Why Cops and Soldiers Fell Out of Love with Colt Guns
U.S. soldiers and law enforcement are moving away from an iconic American weapons brand.
Colt guns may have won the West. But they aren’t sufficient for winning modern wars, and now the iconic American weapons-maker, which has been making arms since the 19th century, has filed for bankruptcy.
In 2013, the Pentagon decided Colt’s M4 rifles weren’t up to snuff and awarded a key $77 million contract to supply the Army with rifles to F.N. Herstal, a weapons-maker based in Belgium. The Belgian guns allow soldiers to fire continuously; the Colt weapon fires in three-round bursts.
The loss of the DoD business, combined with the decreasing demand for guns after the wars in Iraq and Afghanistan, raise serious questions about whether Colt can raise the $350 million it needs to pay off its debt.
For their part, law enforcement officers are increasingly turning to Glock pistols as a sidearm, as opposed to Colt’s 1911 gun. This is because many believe the Glock to be a more reliable pistol; there is a long record of complaints about the Colt gun jamming.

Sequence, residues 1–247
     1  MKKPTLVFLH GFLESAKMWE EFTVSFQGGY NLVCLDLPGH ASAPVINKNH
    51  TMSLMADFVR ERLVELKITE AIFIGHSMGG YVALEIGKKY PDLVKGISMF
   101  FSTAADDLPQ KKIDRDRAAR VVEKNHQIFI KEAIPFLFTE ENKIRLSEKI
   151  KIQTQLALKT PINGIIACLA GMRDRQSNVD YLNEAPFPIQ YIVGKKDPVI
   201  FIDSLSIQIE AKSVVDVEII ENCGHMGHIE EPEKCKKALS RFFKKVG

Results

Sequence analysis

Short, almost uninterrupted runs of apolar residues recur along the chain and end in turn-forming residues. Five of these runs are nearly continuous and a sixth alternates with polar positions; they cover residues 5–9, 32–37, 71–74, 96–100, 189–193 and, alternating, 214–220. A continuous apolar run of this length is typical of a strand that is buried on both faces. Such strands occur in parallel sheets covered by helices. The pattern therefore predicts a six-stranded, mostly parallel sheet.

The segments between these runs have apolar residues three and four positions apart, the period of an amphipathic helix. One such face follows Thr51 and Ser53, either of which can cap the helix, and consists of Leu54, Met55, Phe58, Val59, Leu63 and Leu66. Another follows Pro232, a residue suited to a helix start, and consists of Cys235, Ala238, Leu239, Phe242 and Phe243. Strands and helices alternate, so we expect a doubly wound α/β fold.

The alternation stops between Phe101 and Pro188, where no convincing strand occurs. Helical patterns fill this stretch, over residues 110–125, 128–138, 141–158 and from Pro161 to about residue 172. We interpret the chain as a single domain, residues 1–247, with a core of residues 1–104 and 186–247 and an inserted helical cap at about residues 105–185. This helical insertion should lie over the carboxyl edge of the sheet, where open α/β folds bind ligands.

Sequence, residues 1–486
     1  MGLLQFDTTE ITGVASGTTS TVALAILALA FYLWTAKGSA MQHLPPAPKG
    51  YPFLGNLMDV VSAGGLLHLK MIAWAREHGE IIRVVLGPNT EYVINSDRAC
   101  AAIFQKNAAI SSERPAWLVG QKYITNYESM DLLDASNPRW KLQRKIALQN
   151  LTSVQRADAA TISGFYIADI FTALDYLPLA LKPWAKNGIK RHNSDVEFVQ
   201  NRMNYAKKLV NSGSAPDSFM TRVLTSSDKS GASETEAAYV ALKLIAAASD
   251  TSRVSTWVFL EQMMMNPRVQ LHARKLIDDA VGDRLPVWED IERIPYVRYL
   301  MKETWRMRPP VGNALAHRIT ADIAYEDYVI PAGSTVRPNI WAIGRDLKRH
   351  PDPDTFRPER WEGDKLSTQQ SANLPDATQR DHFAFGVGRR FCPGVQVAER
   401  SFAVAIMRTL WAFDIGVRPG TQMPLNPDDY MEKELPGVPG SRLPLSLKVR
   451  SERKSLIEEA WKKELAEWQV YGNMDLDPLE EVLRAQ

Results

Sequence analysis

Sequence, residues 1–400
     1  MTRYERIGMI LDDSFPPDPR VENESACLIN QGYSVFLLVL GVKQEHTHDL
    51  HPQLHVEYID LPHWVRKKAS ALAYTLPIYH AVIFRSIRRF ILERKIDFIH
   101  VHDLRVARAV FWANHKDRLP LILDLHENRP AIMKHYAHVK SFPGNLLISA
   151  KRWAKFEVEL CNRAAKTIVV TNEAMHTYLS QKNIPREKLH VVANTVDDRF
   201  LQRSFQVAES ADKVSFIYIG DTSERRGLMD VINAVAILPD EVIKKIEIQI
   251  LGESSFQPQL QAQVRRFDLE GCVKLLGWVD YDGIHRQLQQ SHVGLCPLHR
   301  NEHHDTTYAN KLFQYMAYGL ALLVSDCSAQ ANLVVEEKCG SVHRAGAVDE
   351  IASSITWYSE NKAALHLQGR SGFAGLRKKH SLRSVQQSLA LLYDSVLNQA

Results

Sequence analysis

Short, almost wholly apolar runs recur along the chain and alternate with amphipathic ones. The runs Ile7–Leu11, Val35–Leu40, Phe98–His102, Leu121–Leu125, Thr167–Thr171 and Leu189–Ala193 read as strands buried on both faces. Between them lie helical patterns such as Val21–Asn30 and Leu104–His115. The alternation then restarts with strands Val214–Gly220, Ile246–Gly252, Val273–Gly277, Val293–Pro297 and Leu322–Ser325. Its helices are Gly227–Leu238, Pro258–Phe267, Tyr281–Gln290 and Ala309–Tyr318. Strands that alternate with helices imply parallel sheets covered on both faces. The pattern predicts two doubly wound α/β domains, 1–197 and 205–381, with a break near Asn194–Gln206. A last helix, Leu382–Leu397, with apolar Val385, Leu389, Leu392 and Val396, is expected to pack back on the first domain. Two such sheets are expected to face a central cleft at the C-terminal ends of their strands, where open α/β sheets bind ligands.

If this is the end of the road for Colt, it had one heck of a run. The company has been around for 179 years and was the first to develop weapons that could fire multiple times without reloading. Its “Peacemaker” revolver was ubiquitous as the United States tried to tame the Wild West in the 19th century. They were even carried by the famed Texas Rangers.
It also holds a seminal place in American pop culture. When John Wayne appeared on the movie screen as a cowboy, he was likely holding a Colt. Tom Hanks carried a Colt gun in Saving Private Ryan. Even British super spy James Bond occasionally used the American icon.
But its storied history, both in real life and fiction, won’t be enough to save the company. Even the Rangers have abandoned the gun for Sig Sauer pistols. And the company was not able to take advantage of the demand for weapons that surged after President Barack Obama took office.
“I don’t know what it is about them — they just can’t get their act together,” Paul Jannuzzo, who headed Glock’s U.S. operations in the 1990s, told Bloomberg.
Photo credit: Karen Bleier/Getty Images
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